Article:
** WINNERS CHRISTMAS PROBLEM **

The __main prize__ goes to doctor Ronald A Kortram, maths professor
at the mathematics and science department of the Nijmegen Catholic University.

I am very grateful for the friendliness which made him participate in the competition.

In his solution he begins with two points B en C with equal
y-coordinates, which simplifies the calculations.

Furthermore, he elegantly applies a theorem of Ptolemy to prove the correctness of his outcome.

His reasoning is very precise and clear.

His solution is given below in full extent.

Secondly, I was glad to receive a fine solution by doctor Jos KM Jansen, maths professor at the
mathematics and computer science department of the Eindhoven University of Technology.

I am grateful for the friendliness which made him participate in the competition.

He showed me fine applications of geometry theorems before, for example the line of Euler and the
theorem of Stewart.

He finds numerical answers using the computer algebra program Mathematica, and thereafter the
exact outcome, using the point of Torricelli.

His proof is a bit short: he says that by symmetry the extremes must here appear in triangles
with at least two equal sides.

For appreciation of all his contributions, I give him a prize as well.

In the junior-A category, the prize goes to Martien Luijcks, master of pedagogics and
social worker at Haarlem.

He gives a visual solution and finds the exact positions for the maximum, and an
approximation of the right positions for the minimum. He also finds reasonable approximations
for the values of the extremes (3 and 5).

He uses the words 'center of mass', but in such a way that this does not imply disqualification
for category A. By the way, Martien, the mathematical triangle centroid is not involved in the
correct solution.

In category B, the prize goes to mr Armand Schneider from Aachen. I let him speak for himself:

I work with Cabri. I have drawn a circle with a radius of 5 cm. I don't know how to change the
unit length, so lengths are 5 times too large and areas are 25 times too large.

I make a triangle ABC with A,B,C at the circle (A at 12 o'clock, B at 9 o'clock, C at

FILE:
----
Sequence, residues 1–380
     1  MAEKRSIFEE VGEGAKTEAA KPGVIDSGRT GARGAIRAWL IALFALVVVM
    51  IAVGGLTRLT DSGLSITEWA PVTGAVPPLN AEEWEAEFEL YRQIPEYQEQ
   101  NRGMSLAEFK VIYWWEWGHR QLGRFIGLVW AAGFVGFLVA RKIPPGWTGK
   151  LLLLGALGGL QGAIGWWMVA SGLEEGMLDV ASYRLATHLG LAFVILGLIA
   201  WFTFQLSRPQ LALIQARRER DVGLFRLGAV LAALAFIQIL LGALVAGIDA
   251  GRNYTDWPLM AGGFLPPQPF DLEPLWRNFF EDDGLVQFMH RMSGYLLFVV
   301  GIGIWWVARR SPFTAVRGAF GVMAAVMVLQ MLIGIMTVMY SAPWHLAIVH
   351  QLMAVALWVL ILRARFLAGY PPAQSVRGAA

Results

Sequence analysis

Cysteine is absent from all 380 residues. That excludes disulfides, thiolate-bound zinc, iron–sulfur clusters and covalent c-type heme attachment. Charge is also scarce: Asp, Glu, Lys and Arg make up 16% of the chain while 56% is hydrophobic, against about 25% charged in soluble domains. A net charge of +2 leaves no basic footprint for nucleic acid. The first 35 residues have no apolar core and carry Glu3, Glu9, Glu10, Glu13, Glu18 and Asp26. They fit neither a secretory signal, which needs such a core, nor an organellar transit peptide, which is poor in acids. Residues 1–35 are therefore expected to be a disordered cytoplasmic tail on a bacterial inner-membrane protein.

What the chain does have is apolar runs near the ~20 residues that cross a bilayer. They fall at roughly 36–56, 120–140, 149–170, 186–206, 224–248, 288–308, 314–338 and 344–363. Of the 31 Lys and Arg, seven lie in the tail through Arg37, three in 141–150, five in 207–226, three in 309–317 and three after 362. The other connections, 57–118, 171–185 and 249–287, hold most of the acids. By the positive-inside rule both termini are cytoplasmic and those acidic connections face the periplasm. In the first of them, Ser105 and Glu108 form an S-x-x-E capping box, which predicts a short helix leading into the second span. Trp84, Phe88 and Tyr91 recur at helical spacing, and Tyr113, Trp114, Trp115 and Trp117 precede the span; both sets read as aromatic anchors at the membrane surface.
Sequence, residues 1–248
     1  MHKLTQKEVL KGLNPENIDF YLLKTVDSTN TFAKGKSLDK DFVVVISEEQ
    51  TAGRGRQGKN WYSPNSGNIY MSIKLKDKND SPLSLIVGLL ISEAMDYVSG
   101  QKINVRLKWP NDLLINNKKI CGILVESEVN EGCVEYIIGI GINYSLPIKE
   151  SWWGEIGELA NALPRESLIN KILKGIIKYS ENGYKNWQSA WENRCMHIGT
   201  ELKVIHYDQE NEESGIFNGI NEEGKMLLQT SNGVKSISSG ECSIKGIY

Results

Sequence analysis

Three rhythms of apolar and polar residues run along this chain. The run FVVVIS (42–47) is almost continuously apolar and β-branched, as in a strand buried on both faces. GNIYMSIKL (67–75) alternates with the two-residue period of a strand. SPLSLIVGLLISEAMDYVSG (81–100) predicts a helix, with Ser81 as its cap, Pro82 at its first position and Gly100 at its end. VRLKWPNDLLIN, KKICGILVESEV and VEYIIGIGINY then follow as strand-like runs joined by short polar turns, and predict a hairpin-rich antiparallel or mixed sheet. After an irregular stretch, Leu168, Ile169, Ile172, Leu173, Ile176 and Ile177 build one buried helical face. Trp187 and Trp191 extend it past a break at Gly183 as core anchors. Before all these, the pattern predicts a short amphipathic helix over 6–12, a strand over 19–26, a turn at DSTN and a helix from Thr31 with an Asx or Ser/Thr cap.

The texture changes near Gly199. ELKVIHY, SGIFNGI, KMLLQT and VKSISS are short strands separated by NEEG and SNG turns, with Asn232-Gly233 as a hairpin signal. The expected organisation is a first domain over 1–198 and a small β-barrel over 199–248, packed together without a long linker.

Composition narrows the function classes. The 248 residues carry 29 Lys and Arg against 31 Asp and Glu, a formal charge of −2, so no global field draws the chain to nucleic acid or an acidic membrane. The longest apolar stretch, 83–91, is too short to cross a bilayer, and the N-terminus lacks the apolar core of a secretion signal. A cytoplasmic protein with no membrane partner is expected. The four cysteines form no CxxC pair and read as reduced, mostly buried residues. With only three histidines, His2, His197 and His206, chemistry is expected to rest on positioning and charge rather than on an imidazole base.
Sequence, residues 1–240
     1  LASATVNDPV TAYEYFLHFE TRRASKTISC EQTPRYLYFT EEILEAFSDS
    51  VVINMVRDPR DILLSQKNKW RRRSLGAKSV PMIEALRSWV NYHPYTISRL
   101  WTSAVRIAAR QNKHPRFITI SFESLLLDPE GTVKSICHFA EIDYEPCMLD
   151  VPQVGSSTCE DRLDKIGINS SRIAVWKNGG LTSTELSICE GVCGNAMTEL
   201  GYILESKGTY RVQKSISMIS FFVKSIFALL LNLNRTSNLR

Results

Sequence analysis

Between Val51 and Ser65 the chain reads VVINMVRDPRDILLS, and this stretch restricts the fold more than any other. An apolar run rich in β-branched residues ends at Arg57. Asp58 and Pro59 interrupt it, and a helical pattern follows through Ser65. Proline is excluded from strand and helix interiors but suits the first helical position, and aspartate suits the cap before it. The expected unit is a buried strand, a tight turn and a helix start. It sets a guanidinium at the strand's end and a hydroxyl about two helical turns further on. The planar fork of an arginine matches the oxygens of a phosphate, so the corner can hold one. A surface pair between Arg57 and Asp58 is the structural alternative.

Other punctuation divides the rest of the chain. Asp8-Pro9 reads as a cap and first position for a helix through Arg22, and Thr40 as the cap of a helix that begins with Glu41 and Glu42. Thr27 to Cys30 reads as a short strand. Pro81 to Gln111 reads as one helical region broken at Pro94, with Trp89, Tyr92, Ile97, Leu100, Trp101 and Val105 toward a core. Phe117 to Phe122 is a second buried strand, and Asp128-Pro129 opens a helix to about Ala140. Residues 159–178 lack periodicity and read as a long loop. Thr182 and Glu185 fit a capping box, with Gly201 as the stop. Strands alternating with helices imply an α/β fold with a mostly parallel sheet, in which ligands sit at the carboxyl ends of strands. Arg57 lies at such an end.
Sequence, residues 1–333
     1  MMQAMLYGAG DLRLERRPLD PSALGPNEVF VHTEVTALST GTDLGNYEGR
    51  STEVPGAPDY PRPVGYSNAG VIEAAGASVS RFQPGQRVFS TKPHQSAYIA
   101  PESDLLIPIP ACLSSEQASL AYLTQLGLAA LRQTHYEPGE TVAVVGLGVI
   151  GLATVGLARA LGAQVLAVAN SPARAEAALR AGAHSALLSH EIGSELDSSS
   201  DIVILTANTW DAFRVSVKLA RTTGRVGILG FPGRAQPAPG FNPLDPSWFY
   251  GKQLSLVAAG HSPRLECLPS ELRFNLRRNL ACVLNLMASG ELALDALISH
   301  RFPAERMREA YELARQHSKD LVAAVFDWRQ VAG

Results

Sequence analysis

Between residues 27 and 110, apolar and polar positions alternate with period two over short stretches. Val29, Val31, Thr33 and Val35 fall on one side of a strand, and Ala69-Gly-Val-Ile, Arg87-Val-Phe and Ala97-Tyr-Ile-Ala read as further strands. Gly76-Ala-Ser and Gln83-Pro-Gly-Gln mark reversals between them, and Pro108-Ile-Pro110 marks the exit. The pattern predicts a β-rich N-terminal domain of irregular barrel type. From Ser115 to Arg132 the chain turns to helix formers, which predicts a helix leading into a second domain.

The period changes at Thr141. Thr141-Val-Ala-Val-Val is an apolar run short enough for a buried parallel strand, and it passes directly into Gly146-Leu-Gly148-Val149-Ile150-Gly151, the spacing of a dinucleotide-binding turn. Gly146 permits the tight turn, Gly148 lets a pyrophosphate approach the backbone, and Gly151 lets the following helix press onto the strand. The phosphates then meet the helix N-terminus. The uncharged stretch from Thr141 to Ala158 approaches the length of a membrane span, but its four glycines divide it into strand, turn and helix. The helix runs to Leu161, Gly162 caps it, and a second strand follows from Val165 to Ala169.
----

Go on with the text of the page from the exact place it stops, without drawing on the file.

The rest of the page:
3 o'clock).
The area of this triangle is 25 cm2.

I set a point P on the circle and draw the straight line segments PA,PB,PC. I let Cabri
measure the lengths of these line segments. When I move P along the circle, the distance
sum PA+PB+PC seems to be maximal when P is at 6 o'clock. The sum is then 24.15 cm.

Now I move B along the circle in the direction of 6 o'clock, and C in the direction of 12 o'clock,
and keep the area of the triangle (as measured by Cabri) equal to 25 cm2.

Then I have to move P a bit from 6 o'clock in the direction of 3 o'clock, to keep the distance
sum maximal, but the maximum is now 24.13 cm.

I repeat this procedure, moving P a bit further, and now I get maximal sum 23.93 cm.

So the overall answer seems to be 24.15. I divide by 5 and get 4.83. The exact answer
probably is 2+root(2)+root(2).

To determine the minimal distance sum, I start again with the rectangular triangle
with points A,B,C at 12,9 and 3 o'clock resp.

I set a point P inside the triangle, draw the line segments PA,PB,PC, and have Cabri measure
the lengths of these line segments. When I move P around, the sum seems to be minimal when
PB=PC and P is a bit nearer to A than to BC. The sum is then 13.67 cm.

When I move B along the circle in the direction of 6 o'clock, and C in the direction of 12
o'clock, keepig the area of triangle ABC at 25 cm2, the new minimal value is 13.73 cm.

So it seems that the minimal distance sum in all possible triangles is about 13.67
cm, and that this minimal distance sum appears in the rectangular triangle with points A,B,C
at 12, 9 and 3 o'clock.

I divide by 5 and get 2.73. The exact answer could be root(3)+1.

*Well done, Armand.*

__The solution of main prize winner dr Kortram:__
click here.